Consumer advocate Ralph Nader spoke at the featured afternoon event on "Citizen Action" and lambasted industrial pollution as a form of "corporate violence." Nader took a more radical stance than Philip Hart and questioned whether science and technology could solve the environmental crisis without significant constraints on corporate and government autonomy. He defended student radicals and argued that big business and its apologists and allies in government were responsible for the "laceration and destruction of society's values" and the contamination of the air and water. With a touch of humor, Nader told the crowd at Hill Auditorium that he did not understand "why an individual should be prevented from relieving himself in the Hudson River when Con Edison can dump tons of pollutants there daily." He ended with a call for American youth to take direct action to defend the environment against corporate "tyranny."
During the ENACT Teach-In, Nader's Project on Corporate Responsibility also launched "Campaign GM," an activist investor plan to transform General Motors by bringing shareholder pressure on behalf of "all citizens who experience the forced consumption of its air pollution" and other environmental degradations, including opposition to urban mass transit. Nader condemned modern corporations in general, not only GM, for exploitation of resources that should be public goods and therefore "growing violence to our air, water, and soil environments." The Michigan Daily endorsed Campaign GM and demanded that the University of Michigan either divest its stock holdings in the Detroit-based automobile companies or use its leverage to challenge GM policies that "are destructive to both mankind and the environment."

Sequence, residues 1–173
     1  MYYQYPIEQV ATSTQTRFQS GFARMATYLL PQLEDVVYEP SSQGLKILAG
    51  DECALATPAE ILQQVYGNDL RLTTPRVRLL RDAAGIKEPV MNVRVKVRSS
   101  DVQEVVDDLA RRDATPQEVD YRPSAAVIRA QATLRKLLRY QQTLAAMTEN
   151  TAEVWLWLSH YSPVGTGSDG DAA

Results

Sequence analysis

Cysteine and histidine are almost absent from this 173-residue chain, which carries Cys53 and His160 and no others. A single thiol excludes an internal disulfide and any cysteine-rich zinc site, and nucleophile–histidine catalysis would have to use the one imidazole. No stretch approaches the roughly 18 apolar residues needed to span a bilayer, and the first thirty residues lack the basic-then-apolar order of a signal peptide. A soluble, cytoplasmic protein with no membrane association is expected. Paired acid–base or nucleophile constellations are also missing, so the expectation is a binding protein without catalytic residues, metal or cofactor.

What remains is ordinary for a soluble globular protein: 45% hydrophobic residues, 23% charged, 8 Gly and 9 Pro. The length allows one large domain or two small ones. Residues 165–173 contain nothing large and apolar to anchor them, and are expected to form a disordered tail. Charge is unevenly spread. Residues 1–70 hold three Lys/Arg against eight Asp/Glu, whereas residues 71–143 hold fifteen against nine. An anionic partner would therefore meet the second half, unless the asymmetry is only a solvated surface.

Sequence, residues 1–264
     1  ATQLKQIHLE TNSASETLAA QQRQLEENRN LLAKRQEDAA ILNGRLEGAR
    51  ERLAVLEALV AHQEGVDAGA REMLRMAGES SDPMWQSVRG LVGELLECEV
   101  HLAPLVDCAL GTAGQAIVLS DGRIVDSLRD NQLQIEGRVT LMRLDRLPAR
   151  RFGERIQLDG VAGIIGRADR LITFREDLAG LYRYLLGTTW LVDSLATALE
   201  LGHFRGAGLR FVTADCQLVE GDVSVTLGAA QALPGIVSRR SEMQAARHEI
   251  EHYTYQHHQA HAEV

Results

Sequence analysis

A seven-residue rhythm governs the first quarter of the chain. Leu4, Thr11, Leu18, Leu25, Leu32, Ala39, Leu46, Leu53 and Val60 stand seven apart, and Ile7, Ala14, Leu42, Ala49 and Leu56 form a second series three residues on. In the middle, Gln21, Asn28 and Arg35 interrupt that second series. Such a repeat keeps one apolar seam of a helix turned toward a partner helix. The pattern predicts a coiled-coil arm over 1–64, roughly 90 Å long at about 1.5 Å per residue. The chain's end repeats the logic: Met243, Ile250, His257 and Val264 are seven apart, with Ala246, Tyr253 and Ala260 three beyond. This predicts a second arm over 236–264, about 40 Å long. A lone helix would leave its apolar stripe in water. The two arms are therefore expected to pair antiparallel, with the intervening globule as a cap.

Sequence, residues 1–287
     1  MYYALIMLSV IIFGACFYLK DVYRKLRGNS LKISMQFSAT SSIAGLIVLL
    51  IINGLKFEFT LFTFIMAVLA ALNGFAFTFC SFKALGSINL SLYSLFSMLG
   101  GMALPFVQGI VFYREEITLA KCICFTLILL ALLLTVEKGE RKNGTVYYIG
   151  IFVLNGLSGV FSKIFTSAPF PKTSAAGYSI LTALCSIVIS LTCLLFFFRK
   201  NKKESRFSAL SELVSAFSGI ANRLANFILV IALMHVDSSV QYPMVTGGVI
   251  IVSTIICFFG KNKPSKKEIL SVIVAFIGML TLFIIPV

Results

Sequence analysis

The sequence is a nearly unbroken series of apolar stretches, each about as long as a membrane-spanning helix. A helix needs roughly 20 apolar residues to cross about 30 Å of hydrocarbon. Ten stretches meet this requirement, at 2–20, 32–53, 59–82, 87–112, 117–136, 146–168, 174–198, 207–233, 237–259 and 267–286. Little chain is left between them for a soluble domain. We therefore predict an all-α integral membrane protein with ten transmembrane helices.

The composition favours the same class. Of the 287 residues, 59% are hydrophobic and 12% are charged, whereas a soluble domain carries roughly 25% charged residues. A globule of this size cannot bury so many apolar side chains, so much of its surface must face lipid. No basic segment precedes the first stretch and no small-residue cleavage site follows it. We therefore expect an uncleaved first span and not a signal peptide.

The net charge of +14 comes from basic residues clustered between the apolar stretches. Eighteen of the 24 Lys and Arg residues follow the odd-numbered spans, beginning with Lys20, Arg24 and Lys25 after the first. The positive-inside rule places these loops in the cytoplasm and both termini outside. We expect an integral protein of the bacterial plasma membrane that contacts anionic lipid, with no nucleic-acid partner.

University of Michigan professors Anatol Rapoport and Irwin Goldstein, Professor Kenneth Boulding of the University of Colorado and Douglas Fulton of the Ann Arbor News spoke on the effects of war on the environment at the War and the Environment discussion. With David Gordon, a co-chairman of New Mobe acting as the moderator, the professors, and outdoor editor discussed the environments of Vietnam and the United States. Each speaker blamed something different for the destruction of the environment due to war and several solutions were purposed. Fulton blamed high costs for the destruction of the environment during times of war, stating, "we can no longer afford the luxury of war, for we don't have enough resources." However, the professors thought it was more than just money that caused the destruction. Professor Rapoport argued that war itself was immoral and could not be used as an instrument of foreign policy, and Professor Boulding stressed for government reform and encouraged a smalled war industry as a solution. Despite the disagreements in policy, there was a mutual agreement that pollution is evil and solutions need to be created to fix it. However, because war was the source of pollution and environmental destruction in both the US and Vietnam, no simple fix could be made in one sitting to solve the issue at hand.
"Man's Future: Struggle for Survival"